Half Iterate of 2^x: Find f for f(f(x)) = 2^x

  • Thread starter phoenixthoth
  • Start date
In summary, the conversation discusses finding a function f that satisfies the equation f(f(x)) = 2^x and the criteria of being differentiable. One potential solution is proposed using the W function, but it is found to be incorrect. Other methods such as using Taylor polynomials and recursion are explored, but the desired function is not found. The conversation then shifts to finding a function A that satisfies A(2^x) = A(x) + 1 and its relation to finding f. Various approaches are discussed, but no definitive solution is reached. The search for a smooth function A defined on the largest possible set and satisfying certain conditions is suggested for further investigation.
  • #1
phoenixthoth
1,605
2
what f satisfy the following equation: f(f(x)) = 2^x?
 
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  • #2
Is x any real number? Do you want f to be continuous, differentiable, or something else?
 
  • #3
x is real. ideally, f is differentiable. i think i may have something. let W(x) be the inverse function for x exp(x). i think
f(x)=exp(W( log(2) x^2 )) might be what I'm looking for... checking it now. oh wait, W is defined only for x>=-1, so let's say that the domain is [-1,oo).

my ultimate goal is to see if i can find a set B such that A<B<2^A for an infinite set A. supposing my f is right, i just have to figure out if exp(W( log(2) A^2 )) can somehow be translated into cardinal arithmetic/infinite sets.
 
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  • #4
I did a quick check in Mathematica, unless I did something wrong that doesn't seem to work.
 
  • #5
right. for that f, f(f(0)) != 1 = 2^0...

what's kinda confusing me is that if i assume that f(x)=a^x, where a itself may be a function of x, and i tell mathematica to solve
f(f(x))=2^x, this is the solution it gives but it doesn't work.

what's wrong with the following solution?
we want to solve for a so that a^(a^x)=2^x. if we're assuming f(x)=a^x, then this means that f(f(x))=2^x. actually, we're more interested in finding a^x since this is what f(x) equals.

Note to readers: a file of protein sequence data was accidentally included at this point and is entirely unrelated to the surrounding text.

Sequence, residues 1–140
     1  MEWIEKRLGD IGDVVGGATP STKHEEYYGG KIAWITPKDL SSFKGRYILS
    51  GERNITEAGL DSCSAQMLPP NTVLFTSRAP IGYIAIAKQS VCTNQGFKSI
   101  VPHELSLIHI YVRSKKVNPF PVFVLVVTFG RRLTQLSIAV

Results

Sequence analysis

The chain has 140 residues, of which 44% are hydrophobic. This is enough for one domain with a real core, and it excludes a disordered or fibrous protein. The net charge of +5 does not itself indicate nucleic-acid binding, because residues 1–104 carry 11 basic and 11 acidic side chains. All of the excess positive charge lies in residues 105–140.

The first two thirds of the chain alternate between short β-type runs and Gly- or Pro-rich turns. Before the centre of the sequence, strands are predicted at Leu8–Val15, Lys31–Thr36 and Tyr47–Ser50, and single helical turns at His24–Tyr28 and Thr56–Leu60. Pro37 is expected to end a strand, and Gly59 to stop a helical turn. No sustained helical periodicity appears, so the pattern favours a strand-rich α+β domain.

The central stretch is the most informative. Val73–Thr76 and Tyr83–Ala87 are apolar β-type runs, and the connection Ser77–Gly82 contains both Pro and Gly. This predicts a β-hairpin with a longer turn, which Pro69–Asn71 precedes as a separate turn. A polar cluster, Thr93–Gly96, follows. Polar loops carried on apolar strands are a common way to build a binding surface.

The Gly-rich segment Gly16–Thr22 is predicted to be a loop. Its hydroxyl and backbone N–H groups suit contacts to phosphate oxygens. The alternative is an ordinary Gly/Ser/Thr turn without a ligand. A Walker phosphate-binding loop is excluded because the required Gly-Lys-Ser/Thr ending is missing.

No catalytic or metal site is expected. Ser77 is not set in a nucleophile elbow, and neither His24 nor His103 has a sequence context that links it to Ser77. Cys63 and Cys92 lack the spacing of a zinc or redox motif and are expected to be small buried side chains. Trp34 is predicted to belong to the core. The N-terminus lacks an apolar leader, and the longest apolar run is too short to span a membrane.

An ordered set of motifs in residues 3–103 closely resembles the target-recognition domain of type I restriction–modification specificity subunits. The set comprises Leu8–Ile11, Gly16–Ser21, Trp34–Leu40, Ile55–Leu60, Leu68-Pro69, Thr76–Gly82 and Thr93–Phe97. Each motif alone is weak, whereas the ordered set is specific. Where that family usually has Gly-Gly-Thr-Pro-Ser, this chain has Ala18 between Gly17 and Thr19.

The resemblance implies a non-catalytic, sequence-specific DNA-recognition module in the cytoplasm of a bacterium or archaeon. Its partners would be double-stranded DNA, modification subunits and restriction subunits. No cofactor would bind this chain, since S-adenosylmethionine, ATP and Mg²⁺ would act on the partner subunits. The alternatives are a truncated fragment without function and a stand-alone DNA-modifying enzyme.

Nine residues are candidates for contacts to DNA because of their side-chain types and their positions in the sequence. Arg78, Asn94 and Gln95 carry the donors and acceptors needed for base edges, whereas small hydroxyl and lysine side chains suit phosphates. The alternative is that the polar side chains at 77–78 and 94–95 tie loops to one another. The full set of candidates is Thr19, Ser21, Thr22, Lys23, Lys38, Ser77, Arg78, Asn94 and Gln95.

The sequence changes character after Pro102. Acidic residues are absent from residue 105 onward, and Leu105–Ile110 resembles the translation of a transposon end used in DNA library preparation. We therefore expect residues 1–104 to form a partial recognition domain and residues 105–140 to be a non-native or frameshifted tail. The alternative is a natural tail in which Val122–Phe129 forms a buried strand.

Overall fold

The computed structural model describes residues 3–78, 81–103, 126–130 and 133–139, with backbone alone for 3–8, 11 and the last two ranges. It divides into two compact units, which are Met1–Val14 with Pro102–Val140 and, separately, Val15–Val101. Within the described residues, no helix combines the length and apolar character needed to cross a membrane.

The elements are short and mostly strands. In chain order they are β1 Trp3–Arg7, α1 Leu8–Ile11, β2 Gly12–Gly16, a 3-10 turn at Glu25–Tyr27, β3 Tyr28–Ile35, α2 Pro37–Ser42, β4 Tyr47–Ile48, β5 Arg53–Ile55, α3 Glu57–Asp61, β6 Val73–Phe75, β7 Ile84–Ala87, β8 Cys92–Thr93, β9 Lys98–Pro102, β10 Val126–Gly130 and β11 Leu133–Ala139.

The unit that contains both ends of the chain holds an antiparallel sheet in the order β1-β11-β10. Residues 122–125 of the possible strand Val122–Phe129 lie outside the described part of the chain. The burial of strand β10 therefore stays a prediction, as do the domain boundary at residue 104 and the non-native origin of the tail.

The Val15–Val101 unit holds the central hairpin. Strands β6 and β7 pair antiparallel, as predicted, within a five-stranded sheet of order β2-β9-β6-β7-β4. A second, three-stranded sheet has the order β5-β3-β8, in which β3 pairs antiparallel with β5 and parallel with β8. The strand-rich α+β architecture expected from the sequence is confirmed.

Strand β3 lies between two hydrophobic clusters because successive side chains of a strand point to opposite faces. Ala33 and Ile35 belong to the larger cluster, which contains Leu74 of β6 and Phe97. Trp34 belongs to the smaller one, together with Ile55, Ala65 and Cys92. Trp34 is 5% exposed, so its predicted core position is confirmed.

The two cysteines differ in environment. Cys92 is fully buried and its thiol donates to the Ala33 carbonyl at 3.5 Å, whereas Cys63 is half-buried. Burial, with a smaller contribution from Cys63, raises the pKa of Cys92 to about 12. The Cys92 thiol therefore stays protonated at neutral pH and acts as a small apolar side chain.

log both sides to get
(a^x)log(a) = xlog(2)

rewrite a^x as exp(log(a^x)) to get
( exp(log(a^x)) )log(a) = xlog(2)

multiply both sides by x and use xlog(a)=log(a^x) to get
( exp(log(a^x)) )log(a^x) = (x^2)log(2)

use W function to isolate log(a^x):
log(a^x)=W( (x^2)log(2) )

f(x)=a^x=exp(W( (x^2)log(2) )).
***
i think the basic problem is that since a is not a constant, f(f(x)) != a^(a^x). so, if f(x)=a(x)^x, then f(f(x)) would be
a(a(x)^x)^(a(x)^x), not a(x)^(a(x)^x).
 
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  • #6
Yah, my gut tells me right off the bat that a^a^x cannot be a half-iterate of 2^x.


Let g(x) = 2^x

x = 2 is a fixed point of g(x), so it makes sense to define
f(2) := 2

To preserve the fixed point property.


Oh, how about differentiation? Maybe that will help us!

f(f(x)) = g(x)

f'(f(x)) f'(x) = g'(x) = 2^x ln 2

Hrm, it's nonobvious this gets us anywhere. Anyways, if we plug in 2 for x and use our fixed point, we get

f'(2)^2 = 2^2 ln 2
so f'(2) = 2 (ln 2)^(1/2)

I wonder if we can keep going? Let's differentiate again.

2^x (ln 2)^2 = g''(x) = f''(x) f'(f(x)) + f'(x))^2 f''(f(x))
and plugging in x = 2 gives us

4 (ln 2)^2 = f''(2) f'(2) + f'(2)^2 f''(2)

f''(2) = 4(ln 2)^2 / f'(2) / (1 + f'(2))


So we can generate Taylor polynomials for f(x)... I don't know if they will converge or how useful they will be, however.
 
  • #7
actually, 2 is not a fixed point of g(x)=2^x. the idea of using taylor series is something I'm trying to avoid if possible. another approach is to use neural networks to approximate f. in this case, a nn with two hidden layers with corresponding values locked to each other would basically produce f. I've also found that f is what is called a half exponential and some dude named Szekeres already talked about it. looking for Szekeres' articles.
 
  • #8
By "2" I mean an actual fixed point of g(x). :smile: